Mobile commerce has also benefited from a boon in mobile phone sales. Consider the rapid rise in smartphone sales. The industry shipped a record-breaking 54.5 million smartphones during the fourth quarter, a nearly 40 percent increase year-over-year, reported research firm IDC.

This impressive figure doesn’t include sales of non-smartphones. “There are more mobile phones than computers, televisions and even radios on this planet,” Mallon says. Meanwhile, the iPhone has generated enormous excitement for mobile commerce despite holding only a percent of the global market, he says.

Pay Parking By Phone in Vienna

Mobile commerce has really evolved over the last few years, both in developed and developing countries. It’s taken many forms, from remittance to payments to banking.

Some of the most interesting mobile commerce cases come from Austria, among the countries, along with Japan, leading the mobile commerce charge. The phone is fast becoming a mobile wallet. Say you’re at a restaurant with friends and want to pay one of them for your share of the bill. You could do that through a simple text message (assuming your friend also uses her phone for mobile commerce).

In Vienna, a majority of people pay car parking fees using their mobile phones. Ten minutes before your allotted time is about to expire, you’ll get a text alert—and the option to extend parking minutes. “This isn’t location-based services; it’s anti-location-based services,” Mallon says. “You pay for your car parking without being near your car.”

The phone also acts as a security guard for online payments in Germany. After you pay for goods over a computer, you’ll receive a text message and a request to authorize the purchase on your mobile phone.

In developing countries, the low-hanging mobile commerce fruit is remittance and mobile payments. Migrant workers, for instance, can send funds home quickly and easily with a text message, thus skirting exorbitant transaction fees associated with traditional international money transfer methods, Mallon says.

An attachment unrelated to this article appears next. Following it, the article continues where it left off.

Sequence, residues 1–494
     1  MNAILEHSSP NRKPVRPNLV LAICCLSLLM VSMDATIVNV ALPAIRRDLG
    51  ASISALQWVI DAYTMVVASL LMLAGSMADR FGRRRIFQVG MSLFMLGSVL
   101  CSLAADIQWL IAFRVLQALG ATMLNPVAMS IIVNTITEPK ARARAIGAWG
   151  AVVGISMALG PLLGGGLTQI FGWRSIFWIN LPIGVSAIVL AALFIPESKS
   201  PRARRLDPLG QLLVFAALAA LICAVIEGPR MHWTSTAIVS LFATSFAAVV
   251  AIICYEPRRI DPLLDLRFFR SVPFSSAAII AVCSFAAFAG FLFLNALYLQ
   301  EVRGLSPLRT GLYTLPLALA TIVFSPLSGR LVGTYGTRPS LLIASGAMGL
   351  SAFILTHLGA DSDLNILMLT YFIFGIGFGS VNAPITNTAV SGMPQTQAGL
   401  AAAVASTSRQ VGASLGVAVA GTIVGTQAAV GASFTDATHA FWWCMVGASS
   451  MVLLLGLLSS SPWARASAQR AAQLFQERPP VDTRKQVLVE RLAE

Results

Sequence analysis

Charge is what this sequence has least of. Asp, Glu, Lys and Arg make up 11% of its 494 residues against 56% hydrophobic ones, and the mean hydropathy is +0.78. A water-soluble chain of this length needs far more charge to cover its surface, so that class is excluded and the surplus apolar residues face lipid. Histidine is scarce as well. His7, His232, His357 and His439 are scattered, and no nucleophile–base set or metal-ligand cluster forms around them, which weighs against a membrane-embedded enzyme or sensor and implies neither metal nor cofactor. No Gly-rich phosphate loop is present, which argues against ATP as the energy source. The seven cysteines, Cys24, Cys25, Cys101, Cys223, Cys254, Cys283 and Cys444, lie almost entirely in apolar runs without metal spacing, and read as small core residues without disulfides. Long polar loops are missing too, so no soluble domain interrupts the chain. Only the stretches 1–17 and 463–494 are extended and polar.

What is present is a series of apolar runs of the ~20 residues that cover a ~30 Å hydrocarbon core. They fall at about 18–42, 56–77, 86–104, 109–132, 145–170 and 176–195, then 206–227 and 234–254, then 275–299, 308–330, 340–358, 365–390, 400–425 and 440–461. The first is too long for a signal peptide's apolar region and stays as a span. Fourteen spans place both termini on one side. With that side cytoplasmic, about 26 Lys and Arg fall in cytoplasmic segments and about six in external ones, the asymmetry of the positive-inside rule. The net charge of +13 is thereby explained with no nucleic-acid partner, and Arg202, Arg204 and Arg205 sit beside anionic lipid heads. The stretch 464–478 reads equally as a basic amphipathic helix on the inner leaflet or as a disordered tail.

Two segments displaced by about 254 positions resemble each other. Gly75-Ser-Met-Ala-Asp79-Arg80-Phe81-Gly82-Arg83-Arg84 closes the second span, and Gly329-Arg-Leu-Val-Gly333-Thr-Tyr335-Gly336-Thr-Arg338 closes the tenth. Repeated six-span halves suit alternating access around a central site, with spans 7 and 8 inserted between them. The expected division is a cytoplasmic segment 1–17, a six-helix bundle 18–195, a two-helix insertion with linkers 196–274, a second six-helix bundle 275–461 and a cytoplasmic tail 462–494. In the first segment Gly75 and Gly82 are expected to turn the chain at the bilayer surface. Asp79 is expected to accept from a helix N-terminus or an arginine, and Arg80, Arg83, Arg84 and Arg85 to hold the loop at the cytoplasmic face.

Even in places like Nigeria, you can purchase scratch cards from street-corner vendors. Scratch the foil, text the code, and automatically create a mobile wallet. With text messaging, you can pay an individual or merchant. In turn, they’ll receive an alert that they’ve received payment, Mallon says.

Mallon is quick to point out that mobile commerce faces an array of technical and cultural challenges, largely in the form of compliance with complex regulations and anti-money laundering laws.

Another hurdle: Merchants and retailers are weary of jumping on the mobile commerce bandwagon. Yet they have little choice. “The difference with mobile commerce compared to other technology paradigm shifts is that it’s consumer driven,” says Roster.

The future of mobile commerce via texting has never been brighter, which, sadly, comes on the heels of the tragedy in Haiti. As images of devastation streamed over television and the Internet, people felt compelled to act quickly. A well-respected organization, the Red Cross, gave a clean way for people to contribute using a mobile phone. For most people, a mobile phone is within hand’s reach.

But the real “magic,” as Roster calls it, was the ease of being able to give money via a simple text message. “People are comfortable with text messaging,” he says. “Texting is the form of communication for the next generation.”

Tom Kaneshige is a senior writer for in Silicon Valley. Send him an email at Or follow him on Twitter @kaneshige. Follow everything from on Twitter @CIOonline.